Moderate Islamist leaders then took over the transitional government, nominally protected by 4,300 African Union peacekeepers.
But no one is especially well liked in Mogadishu these days, not even the peacekeepers, who may have the most dangerous peacekeeping mission of all.
Many Somalis turned against them after a deadly episode in February when a roadside blast hit an African Union truck and the peacekeepers responded by firing wildly into a crowded street.
According to Somali officials, the peacekeepers killed 39 civilians, though the African Union said that the true figure was much lower and that the people had died in a cross-fire. Radical Islamists are now calling the African troops “bacteria.”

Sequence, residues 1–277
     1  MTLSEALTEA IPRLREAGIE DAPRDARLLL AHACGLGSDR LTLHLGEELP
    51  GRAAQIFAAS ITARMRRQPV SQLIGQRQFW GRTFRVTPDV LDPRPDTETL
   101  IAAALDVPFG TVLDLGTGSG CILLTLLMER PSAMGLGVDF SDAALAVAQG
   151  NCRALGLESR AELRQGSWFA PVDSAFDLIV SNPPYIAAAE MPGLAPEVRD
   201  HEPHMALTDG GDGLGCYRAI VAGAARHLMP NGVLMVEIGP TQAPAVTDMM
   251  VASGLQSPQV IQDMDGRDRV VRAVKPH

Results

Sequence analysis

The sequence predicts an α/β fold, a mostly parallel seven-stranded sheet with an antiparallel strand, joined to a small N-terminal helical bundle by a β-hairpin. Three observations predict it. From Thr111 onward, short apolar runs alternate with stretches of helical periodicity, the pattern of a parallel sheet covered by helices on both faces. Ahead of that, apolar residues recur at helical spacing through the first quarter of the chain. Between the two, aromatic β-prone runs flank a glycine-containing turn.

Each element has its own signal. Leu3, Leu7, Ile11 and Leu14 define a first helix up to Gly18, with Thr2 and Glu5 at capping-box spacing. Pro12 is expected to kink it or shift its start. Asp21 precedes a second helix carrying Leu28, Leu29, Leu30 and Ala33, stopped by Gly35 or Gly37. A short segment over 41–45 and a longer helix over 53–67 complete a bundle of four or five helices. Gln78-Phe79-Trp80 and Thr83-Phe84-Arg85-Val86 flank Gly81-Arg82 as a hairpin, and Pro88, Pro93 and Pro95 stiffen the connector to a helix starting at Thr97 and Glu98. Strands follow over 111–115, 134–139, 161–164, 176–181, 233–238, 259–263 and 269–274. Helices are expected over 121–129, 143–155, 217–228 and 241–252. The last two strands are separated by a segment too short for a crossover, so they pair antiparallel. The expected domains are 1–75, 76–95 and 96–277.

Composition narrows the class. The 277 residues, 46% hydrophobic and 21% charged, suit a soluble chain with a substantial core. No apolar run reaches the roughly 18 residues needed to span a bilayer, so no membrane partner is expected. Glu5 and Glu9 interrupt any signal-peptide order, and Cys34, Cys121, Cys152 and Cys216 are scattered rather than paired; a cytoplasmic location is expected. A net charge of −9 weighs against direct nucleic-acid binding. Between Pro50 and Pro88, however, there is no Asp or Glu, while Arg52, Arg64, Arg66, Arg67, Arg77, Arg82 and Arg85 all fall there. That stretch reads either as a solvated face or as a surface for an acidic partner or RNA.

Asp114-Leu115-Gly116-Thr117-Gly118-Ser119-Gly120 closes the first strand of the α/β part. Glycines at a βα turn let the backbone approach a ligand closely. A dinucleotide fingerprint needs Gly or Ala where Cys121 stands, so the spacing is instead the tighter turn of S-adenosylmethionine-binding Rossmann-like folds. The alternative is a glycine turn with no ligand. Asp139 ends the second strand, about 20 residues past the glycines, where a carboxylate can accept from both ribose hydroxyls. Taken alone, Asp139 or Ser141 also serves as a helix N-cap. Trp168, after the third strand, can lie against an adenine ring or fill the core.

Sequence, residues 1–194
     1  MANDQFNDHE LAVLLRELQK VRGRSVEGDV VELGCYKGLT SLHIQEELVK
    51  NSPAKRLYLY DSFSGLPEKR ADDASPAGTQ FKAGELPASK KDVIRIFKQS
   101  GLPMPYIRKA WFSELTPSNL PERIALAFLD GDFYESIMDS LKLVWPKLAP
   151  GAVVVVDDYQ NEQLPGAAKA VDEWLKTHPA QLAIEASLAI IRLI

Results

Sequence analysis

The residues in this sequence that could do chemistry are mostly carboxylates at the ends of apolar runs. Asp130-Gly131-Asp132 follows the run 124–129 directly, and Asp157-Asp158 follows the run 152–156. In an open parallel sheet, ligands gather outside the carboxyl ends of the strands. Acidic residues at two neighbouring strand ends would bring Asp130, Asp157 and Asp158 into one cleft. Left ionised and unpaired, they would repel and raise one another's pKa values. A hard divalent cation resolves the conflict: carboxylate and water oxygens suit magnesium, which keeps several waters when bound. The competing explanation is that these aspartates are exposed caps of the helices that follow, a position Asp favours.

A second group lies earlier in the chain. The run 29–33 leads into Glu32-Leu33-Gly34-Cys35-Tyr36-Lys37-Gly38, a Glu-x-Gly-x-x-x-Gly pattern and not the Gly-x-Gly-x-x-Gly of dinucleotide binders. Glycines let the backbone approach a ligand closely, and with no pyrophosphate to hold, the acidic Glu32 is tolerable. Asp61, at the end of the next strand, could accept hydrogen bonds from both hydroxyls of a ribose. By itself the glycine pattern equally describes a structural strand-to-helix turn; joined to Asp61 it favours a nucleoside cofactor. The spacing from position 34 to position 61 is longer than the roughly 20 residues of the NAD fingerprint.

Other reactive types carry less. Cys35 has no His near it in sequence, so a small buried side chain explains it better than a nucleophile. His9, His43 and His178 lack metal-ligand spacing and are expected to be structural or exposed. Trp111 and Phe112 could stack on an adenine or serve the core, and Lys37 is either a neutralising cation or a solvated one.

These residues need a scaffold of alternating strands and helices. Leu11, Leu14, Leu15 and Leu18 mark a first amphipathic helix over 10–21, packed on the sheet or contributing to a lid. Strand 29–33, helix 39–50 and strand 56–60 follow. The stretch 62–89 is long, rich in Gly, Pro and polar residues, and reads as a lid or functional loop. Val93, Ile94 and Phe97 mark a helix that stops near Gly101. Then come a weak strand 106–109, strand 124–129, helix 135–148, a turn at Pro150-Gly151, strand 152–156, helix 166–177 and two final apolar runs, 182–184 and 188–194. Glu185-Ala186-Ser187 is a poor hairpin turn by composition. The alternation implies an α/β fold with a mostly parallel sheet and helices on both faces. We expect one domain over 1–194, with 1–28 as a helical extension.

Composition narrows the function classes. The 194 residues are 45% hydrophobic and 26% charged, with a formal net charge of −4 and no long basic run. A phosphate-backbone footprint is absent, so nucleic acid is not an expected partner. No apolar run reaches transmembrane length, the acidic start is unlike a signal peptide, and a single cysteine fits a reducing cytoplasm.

All this could be an opportunity for the transitional government. After all, the new president, Sheik Sharif Sheik Ahmed, rose to popularity as a neighborhood problem solver, best known for helping free kidnapped children.
But Sheik Sharif’s government seems hobbled by the same tired, intractable clan divisions and lack of skills that torpedoed the 14 previous transitional governments.
There have been glimmers of hope, such as the government passing a national budget for the first time in years and using legitimate tax money from Mogadishu’s port to pay its soldiers.
But the bigger picture is grim. In the past few weeks, it proved very difficult for the government even to organize its various militias to jointly defend the few blocks it still controls.
The pattern is clear, and may not be broken anytime soon: A weak government means more violence, means weaker government, which means still more violence, and so on.
“With all the fighting that’s going on, this government can’t attract the best Somalis,” said Mohamed Osman Aden, a Somali diplomat in Kenya.
“The good Somalis are not going to come when it’s so violent. Would you?”